Extremely old galaxies which were formed less than a billion years after the Big Bang, have been discovered by scientists. Stars are created by the galaxies in a much faster way than our own Milky Way.
The cosmic conundrum of mysterious population of shockingly huge galaxies from the time when the universe was only about 10 per cent of its present age, could also be eased out with the discovery.
When the astronomers observed these galaxies a few years ago, they suggested that the galaxies must have been created from hyper-productive precursor galaxies, which is the only way so many stars could have formed so quickly.
However, astronomers had never seen anything that fit the bill for these precursors until now.
This newly discovered population could solve the mystery of how these extremely large galaxies came to have hundreds of billions of stars in them when they were formed only 1.5 billion years after the Big Bang, requiring very rapid star formation.
This discovery was made by the researchers led by Roberto Decarli of Max Planck Institute for Astronomy. The discovery happened by accident when the astronomers were investigating quasers. Quasers are supermassive black holes found at the centre of enormous galaxies, accreting matter.
They were trying to study star formation in the galaxies that host these quasars.
"But what we found, in four separate cases, were neighbouring galaxies that were forming stars at a furious pace, producing a hundred solar masses' worth of new stars per year," Decarli said.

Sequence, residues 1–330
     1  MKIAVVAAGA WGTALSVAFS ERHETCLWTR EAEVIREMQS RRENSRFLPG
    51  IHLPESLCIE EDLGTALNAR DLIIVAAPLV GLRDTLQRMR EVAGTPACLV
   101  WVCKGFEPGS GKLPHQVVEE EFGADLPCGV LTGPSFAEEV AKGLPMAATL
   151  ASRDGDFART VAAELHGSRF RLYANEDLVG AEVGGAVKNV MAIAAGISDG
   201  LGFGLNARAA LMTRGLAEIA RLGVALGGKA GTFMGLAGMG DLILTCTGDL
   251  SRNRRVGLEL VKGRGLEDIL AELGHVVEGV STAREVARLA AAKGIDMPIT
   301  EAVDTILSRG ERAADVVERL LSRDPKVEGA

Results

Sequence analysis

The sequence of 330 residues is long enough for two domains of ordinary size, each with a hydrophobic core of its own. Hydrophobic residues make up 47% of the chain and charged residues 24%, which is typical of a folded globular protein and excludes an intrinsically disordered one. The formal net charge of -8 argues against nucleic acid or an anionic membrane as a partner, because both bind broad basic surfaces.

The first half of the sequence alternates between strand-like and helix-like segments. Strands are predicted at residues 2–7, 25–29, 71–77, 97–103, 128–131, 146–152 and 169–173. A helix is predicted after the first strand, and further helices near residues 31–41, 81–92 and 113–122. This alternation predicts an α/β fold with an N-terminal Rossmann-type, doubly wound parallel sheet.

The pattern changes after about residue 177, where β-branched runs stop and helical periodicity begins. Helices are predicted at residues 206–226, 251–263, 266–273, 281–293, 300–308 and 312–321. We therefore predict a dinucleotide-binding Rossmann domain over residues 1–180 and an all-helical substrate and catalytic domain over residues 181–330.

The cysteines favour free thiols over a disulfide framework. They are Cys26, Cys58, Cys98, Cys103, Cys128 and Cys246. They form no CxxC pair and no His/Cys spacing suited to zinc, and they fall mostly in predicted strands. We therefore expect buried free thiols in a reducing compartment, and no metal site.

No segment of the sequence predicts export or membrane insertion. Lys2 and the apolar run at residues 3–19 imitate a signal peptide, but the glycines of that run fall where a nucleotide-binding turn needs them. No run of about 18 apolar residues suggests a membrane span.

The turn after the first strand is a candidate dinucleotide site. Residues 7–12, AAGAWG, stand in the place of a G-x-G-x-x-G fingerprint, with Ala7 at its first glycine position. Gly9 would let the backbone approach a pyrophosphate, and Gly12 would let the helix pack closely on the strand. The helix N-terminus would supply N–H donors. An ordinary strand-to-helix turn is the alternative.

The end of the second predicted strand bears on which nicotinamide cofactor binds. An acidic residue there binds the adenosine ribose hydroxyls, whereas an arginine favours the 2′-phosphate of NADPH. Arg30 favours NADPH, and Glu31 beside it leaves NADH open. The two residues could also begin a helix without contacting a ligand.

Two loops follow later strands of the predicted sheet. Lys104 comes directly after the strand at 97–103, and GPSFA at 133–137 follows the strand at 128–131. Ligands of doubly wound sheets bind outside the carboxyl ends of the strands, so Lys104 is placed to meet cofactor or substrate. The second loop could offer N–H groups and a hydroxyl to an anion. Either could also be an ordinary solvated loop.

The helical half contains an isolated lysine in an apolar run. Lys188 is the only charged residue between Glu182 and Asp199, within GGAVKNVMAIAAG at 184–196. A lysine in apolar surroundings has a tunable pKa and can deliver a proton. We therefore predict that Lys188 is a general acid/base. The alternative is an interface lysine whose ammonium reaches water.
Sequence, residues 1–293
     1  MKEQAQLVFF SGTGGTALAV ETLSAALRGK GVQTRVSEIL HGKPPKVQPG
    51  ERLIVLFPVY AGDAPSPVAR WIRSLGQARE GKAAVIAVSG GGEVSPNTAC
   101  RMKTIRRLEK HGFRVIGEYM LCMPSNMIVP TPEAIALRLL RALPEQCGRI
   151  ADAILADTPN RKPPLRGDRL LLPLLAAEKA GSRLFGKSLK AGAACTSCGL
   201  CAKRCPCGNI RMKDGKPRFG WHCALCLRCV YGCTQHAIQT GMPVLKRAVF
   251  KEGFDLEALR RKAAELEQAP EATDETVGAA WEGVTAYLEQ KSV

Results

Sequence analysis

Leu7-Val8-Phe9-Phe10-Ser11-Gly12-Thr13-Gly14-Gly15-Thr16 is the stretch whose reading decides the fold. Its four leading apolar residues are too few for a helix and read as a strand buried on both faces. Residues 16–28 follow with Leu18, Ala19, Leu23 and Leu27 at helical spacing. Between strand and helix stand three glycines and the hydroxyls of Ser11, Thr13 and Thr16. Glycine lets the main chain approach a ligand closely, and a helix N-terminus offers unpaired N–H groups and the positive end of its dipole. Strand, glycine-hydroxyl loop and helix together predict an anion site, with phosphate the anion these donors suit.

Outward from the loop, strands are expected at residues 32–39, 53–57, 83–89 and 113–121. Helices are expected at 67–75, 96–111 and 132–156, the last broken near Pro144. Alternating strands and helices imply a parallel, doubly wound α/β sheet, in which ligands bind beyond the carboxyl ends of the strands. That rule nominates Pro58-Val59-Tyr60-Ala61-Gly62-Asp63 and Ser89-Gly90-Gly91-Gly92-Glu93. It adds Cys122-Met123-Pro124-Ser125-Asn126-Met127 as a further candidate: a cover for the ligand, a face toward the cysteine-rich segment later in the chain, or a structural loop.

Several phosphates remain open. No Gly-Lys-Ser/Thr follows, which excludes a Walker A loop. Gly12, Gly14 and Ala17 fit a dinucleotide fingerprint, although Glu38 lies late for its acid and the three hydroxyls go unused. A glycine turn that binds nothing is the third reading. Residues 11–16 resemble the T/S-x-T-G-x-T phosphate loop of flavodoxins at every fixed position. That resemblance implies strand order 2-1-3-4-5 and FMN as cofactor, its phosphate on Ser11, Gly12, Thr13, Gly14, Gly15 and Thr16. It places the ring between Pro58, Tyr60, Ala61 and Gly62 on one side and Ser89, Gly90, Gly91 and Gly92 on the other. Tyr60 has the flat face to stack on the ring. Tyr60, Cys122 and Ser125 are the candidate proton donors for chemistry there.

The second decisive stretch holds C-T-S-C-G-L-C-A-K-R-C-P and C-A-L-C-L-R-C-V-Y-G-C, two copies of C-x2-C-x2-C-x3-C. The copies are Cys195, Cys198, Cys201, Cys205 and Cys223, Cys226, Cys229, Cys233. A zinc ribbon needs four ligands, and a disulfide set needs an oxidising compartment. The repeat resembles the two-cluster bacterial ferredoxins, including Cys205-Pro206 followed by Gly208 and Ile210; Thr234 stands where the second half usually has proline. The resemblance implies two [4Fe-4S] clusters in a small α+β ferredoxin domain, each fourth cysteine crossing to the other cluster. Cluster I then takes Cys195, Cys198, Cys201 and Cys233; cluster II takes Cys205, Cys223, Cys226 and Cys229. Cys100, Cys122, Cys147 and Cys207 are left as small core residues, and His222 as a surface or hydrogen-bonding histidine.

"Very likely it is not a coincidence to find these productive galaxies close to bright quasars. Quasars are thought to form in regions of the universe where the large-scale density of matter is much higher than average," said Fabian Walter, from Max Planck Institute for Astronomy.
"Those same conditions should also be conducive to galaxies forming new stars at a greatly increased rate," Walter said.
"Whether or not the fast-growing galaxies we discovered are indeed precursors of the massive galaxies first seen a few years back will require more work to see how common they actually are," said Eduardo Banados from Carnegie Institution for Science in the US.
The team also found what appears to be the earliest known example of two galaxies undergoing a merger, which is another major mechanism of galaxy growth.
The new observations provide the first direct evidence that such mergers have been taking place even at the earliest stages of galaxy evolution, less than a billion years after the Big Bang.
(With PTI inputs)